Harm reduction survey

November 11, 2008 at 10:41 pm Leave a comment

This survey got lost in the more than 24 questionnaires that have been lobbed at me. I might have missed the deadline but I’m putting it here anyway.

1. Do you favour the re-opening of a fixed site needle exchange in the city of Victoria?

Yes, with additional supports like satellite sites including pharmacies and VIHA clinics. This is dependent on adequate funding. The members of the Downtown Residents’ Association are concerned the mistakes of the Cormorant exchange will be repeated elsewhere. This is why we advocate sustained and adequate funding from VIHA.

2. Do you support the opening of a safe consumption site (like that of InSite in Vancouver) for the City of Victoria?

Supervised consumption has been proven beneficial. Multiple sites would be appropriate for Victoria.

3. What does the term harm reduction mean to you?

It means treating addiction as the health problem it is and taking the steps necessary to get addicts stable and healthy.

4.  What role do you see harm reduction playing in the creation of a healthy, thriving Victoria?

Solving addiction issues is crucial to the well-being of Victoria. Residents, businesses and tourists depend on it.

5. What actions will you take to ensure the City of Victoria follows the principals of harm reduction?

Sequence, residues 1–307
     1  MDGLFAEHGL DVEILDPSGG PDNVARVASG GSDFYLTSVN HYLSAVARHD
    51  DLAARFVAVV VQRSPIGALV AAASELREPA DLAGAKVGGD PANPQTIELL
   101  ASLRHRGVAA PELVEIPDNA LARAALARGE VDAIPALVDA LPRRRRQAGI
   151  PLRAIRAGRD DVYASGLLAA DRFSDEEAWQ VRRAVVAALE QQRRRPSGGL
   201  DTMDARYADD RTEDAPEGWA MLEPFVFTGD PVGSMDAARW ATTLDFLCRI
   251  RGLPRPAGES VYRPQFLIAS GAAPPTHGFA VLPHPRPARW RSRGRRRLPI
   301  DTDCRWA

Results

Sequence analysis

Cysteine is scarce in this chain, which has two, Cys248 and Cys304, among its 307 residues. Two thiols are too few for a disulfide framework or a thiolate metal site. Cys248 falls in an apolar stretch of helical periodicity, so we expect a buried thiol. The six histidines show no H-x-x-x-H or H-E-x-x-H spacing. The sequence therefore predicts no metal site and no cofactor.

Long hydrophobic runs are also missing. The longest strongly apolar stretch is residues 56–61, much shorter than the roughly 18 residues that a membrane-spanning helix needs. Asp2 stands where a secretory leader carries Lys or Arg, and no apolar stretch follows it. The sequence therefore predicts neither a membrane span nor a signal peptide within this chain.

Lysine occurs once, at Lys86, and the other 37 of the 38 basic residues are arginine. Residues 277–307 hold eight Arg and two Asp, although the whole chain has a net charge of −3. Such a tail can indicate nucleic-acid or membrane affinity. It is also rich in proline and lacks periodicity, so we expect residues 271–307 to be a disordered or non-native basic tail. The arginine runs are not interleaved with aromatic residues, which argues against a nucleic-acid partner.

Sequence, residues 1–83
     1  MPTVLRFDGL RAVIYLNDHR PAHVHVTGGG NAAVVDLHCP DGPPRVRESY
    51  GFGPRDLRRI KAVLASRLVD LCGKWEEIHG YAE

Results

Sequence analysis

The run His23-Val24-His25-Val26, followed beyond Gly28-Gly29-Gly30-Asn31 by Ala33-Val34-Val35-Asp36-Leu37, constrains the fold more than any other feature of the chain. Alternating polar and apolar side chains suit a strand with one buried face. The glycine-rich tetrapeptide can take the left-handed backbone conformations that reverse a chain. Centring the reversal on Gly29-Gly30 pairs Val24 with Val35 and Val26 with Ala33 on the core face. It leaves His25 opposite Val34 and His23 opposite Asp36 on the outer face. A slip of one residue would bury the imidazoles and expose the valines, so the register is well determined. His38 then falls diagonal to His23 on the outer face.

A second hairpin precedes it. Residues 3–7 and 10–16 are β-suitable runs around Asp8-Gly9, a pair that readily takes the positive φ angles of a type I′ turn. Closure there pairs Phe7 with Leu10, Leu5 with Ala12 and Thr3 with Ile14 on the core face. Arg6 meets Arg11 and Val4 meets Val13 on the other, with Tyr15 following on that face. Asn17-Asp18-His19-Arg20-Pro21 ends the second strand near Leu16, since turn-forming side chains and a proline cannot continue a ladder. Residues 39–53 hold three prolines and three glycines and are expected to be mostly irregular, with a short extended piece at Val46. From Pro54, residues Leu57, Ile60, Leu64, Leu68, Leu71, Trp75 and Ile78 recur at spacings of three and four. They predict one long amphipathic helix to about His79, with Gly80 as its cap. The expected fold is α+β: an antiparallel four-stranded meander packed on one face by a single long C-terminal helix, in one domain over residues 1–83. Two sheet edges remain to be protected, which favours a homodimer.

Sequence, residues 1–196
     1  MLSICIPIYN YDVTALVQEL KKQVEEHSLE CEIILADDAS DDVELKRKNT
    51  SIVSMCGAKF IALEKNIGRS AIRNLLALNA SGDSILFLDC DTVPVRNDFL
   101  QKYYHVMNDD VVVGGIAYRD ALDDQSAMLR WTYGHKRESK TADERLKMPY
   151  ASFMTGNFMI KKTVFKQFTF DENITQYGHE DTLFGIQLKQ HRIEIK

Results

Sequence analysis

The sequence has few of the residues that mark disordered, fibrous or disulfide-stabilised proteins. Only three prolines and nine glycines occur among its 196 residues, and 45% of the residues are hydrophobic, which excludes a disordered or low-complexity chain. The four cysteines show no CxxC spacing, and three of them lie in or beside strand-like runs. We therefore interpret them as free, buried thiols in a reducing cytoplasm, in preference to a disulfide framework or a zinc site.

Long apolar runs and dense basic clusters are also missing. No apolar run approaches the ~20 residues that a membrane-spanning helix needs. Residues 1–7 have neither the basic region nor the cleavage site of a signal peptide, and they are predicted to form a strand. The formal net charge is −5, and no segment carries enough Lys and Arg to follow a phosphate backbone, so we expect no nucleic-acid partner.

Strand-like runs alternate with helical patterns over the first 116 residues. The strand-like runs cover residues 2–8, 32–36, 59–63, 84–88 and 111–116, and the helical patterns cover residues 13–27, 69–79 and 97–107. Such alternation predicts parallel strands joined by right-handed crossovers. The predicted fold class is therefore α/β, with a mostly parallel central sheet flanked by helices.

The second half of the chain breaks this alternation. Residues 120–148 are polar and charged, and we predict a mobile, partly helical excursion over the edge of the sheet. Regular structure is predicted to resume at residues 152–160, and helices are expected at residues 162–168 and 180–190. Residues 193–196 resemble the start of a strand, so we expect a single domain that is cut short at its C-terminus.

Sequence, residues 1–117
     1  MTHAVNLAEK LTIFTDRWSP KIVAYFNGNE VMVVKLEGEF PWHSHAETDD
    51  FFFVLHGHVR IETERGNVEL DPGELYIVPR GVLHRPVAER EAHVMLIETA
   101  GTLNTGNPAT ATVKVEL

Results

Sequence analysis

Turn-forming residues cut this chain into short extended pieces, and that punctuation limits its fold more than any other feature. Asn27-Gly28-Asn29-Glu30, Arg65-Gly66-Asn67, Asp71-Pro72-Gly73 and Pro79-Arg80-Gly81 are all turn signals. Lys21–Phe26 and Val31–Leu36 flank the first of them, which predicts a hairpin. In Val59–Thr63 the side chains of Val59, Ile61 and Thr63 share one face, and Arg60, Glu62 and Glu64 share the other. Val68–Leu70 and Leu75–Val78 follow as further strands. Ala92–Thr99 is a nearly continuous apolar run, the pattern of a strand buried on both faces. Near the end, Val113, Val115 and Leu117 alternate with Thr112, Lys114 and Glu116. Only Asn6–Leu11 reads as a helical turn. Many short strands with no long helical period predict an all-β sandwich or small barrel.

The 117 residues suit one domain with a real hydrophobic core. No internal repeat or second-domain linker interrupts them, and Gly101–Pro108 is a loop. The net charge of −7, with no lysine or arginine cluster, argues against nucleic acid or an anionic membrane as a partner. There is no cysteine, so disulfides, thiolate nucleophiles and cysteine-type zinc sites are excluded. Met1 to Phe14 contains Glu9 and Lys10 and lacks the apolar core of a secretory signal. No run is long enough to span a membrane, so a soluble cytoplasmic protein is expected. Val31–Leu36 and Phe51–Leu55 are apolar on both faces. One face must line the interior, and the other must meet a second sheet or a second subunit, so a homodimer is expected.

Commitment to making sure the findings of the Mayor’s Task Force are followed through. Co-operating with the Greater Victoria Coalition to End Homelessness to ensure addicts are given the opportunity to turn their lives around.

6. What is your position on the current ‘war on drugs’ and the Victoria Police Department’s approach to substance use and users?

It’s ineffective. Our focus must be on punishing those that prey on addicts and helping addicts get the help they need. A Community Court similar to the ones in New York, Portland and Vancouver is something I advocate. It is more effective and more humane than present strategies.

7. What, if any, alternative approaches to current drug laws have you considered? Please describe.

The NAOMI project is one. Giving opiates to addicts instead of letting them buy it on the black market would require commitment from other levels of government but it is worth considering.

8. What further commitments or additional comments would you like to make on your position on drug use and harm reduction, as they affect your candidacy?

My goal has always been one of getting addicts the help they need. I have been following this issues through my work as Chair of the DRA as well as a member of the Downtown Service Providers and the DVBA’s Clean and Safe Committee. There I learn from front-line leaders in the harm reduction field and I’ve learned a lot from them.

Entry filed under: Harris Green, needle exhange, safe injection sites, social issues.

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